AMU Careers & Learning Lifestyle Military Online Learning Spouses

Juggling Marriage, Military and Higher Education

By Rebecca Alwine
American Military University

Military spouses support their service members through many things. In 9 years of marriage, we’ve had our share of deployments, out-of-town training and long hours. It is often hard for us to realize that college classes are just as important to career progression as military schooling.

The increasing pressure put on service members to acquire a civilian education and complete their degrees, coupled with the ‘extra time’ due to less frequent deployments, leads more and more active-duty service members to increase their course loads. Thankfully, there are schools that are designed to work with the military that make this time less stressful.

In fact, this is why both my husband and I chose to attend American Military University (AMU). I completed my master’s degree while we were stationed overseas and had no way of attending a brick- and-mortar college. AMU offered me flexibility and affordability. The professors were willing to work with me regarding time zone differences and both of my pregnancies. My husband chose AMU partially based from my experience, and he really enjoyed the classes.

Oftentimes, we see more time spent away from our families than with them, but we don’t stop to think about why continuing education is important during this time. I consulted with a few military spouses to get some first-hand knowledge on how they supported their spouses while taking classes.

Handling Time Apart

Samantha Dean, spouse of a Marine, remembers when she was pregnant and had a five-year-old. Her husband was taking classes online with AMU. She also worked full-time, including a lot of Saturdays, while her husband worked long hours. “It was a few months of barely seeing each other. I just kept reminding myself that my husband was smart, he deserved this, and he needed it. I tried to let him do his classwork when he needed to and I would take care of everything I could,” she remembers.

Her husband worked hard to get his associate degree done before the baby was born. The compromise was clear on both sides. Of course, there was the time when Samantha lost her cool trying to balance everything, but that is normal in any relationship. In the end, it was worth it for them.

It’s Only a Season

Rheanna Bernard and I share a lot of the same feelings about education. We both got our degrees done when we were younger and feel that we should support our husbands while they get their degrees. Of course, it is always harder when you have to balance more than just college. “It’s only for a season and it’s working towards a greater good,” Rheanna says. “He already realized how hard it was for himself, me and the kids. I wanted to really work to make it easier for him if I could.”

I’ll admit, I haven’t been as nice about it, but I’m getting better. My husband currently works 14-16 hour days and then comes home; he is trying to get a full semester of college done by the middle of May. So when I feel frustrated, I don’t always keep it inside. But I’ve found with some solid discussions and some suggestions on what kind of study tactics worked for me, we are fighting less over it. “There is a time for everything, and a season for every activity under heaven,” I remind myself. This is the season for me to make things easier for him while he balances full-time work, full-time school, and even a round of golf a month. That’s what marriage is about.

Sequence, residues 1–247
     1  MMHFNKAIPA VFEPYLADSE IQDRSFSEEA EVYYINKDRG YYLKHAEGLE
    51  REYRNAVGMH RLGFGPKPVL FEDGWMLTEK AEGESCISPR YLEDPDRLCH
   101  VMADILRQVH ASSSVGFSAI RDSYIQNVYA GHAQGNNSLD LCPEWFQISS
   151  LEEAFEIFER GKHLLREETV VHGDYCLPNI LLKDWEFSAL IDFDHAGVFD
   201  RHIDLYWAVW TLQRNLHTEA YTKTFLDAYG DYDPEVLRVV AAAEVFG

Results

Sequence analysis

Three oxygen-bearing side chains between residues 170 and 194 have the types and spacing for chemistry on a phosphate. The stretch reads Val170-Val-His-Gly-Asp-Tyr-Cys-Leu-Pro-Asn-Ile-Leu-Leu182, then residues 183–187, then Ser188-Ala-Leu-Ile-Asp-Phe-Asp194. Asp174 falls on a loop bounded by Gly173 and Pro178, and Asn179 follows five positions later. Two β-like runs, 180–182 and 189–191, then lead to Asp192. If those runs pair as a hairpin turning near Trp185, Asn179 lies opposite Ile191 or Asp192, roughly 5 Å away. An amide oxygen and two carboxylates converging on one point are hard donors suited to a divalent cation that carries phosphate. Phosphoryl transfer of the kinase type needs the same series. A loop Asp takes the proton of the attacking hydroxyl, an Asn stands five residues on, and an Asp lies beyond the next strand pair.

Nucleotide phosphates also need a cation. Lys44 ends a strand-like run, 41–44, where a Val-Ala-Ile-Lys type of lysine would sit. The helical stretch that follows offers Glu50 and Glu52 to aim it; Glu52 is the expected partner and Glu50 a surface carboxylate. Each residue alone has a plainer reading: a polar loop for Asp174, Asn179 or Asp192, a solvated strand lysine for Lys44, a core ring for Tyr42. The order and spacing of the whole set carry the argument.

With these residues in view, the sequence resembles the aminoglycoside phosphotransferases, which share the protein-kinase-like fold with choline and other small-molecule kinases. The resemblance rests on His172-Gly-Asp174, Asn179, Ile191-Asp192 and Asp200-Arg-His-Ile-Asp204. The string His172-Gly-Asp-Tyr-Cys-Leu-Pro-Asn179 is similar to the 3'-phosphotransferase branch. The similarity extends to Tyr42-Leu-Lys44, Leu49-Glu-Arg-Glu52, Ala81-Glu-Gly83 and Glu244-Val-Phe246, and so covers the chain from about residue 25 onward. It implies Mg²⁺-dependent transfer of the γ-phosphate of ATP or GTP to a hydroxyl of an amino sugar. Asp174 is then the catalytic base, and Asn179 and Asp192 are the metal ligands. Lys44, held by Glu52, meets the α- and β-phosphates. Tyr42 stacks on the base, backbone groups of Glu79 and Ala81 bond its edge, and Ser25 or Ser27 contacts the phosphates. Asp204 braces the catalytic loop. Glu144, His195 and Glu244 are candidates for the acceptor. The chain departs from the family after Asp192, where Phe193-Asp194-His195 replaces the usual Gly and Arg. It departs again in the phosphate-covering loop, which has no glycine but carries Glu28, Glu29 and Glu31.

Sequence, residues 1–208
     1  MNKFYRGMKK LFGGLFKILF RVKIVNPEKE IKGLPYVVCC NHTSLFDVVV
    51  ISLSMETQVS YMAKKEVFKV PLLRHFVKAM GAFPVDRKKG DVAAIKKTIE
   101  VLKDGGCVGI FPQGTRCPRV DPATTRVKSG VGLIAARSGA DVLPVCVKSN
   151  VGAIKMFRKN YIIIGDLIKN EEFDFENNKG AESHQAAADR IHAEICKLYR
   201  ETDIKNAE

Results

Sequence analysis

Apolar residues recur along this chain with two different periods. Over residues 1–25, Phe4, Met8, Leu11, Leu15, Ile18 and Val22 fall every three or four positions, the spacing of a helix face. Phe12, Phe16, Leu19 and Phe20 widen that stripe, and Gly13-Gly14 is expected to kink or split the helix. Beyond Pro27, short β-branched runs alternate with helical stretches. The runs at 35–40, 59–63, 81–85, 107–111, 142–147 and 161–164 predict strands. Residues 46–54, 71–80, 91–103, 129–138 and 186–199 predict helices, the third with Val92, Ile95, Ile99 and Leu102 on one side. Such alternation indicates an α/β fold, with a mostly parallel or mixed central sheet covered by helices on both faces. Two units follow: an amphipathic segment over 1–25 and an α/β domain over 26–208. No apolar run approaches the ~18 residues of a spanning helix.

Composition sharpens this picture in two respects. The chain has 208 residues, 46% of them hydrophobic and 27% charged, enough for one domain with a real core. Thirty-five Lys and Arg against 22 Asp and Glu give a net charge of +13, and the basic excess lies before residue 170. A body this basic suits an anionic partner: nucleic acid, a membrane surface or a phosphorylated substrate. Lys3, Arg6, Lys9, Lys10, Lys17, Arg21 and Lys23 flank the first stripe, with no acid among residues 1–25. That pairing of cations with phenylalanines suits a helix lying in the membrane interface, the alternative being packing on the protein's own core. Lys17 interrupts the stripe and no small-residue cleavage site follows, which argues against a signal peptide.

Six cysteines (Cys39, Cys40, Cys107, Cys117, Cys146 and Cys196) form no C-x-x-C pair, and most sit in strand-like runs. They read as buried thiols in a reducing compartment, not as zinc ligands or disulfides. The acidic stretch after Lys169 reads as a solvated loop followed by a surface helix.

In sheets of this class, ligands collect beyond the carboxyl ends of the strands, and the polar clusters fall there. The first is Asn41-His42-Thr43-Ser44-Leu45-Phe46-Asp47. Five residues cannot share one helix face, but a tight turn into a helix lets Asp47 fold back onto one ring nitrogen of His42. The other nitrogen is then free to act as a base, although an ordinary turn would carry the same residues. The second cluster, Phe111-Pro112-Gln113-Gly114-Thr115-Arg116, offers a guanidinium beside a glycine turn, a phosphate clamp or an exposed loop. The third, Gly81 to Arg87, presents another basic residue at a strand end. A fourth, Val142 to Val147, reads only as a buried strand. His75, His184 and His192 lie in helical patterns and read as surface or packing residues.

Studying Together

Another Marine Corps spouse spent a lot of time studying the material her husband was working on, choosing to spend that studying time together instead of apart. Katie Foley’s husband started his classes through AMU while he was an instructor and she was pregnant with their second child. His day mostly consisted of work, studying, and sleeping. After a move and change in jobs, he had more downtime and some things got done outside of the evening and weekend hours. “Despite long workdays and lots of time in the field, I found the time he spent ‘in school’ never bothered me,” she remembers.

In fact, she spent a lot of those evening hours studying with him. Career progression was always on her mind as her husband spent time studying. She would read the materials so she could quiz him; the materials opened up discussions about things like history and ethics that filled her need for adult conversation.

Marriage is about compromise, and supporting each other no matter what. Like all good things in life, an education isn’t easy, but it is completely worthwhile.

Check out Rebecca’s article on balancing graduate school on fellow APUS blog,

About the Author

Rebecca Alwine has been a military spouse for over 8 years, traveling the world and learning about herself. She’s discovered she enjoys running, loves lifting weights, is a voracious reader, and actually enjoys most of the menial tasks of motherhood. Rebecca earned her Masters of Disaster from AMU and a BA in Geography from the University of Mary Washington. Her writing has been published both in AUSA’s ARMY Magazine, Military Spouse Magazine, and multiple digital magazines and blogs. You can follow her on Twitter and at her personal blog.

Wes O'Donnell

Wes O’Donnell is an Army and Air Force veteran and writer covering military and tech topics. As a sought-after professional speaker, Wes has presented at U.S. Air Force Academy, Fortune 500 companies, and TEDx, covering trending topics from data visualization to leadership and veterans’ advocacy. As a filmmaker, he directed the award-winning short film, “Memorial Day.”

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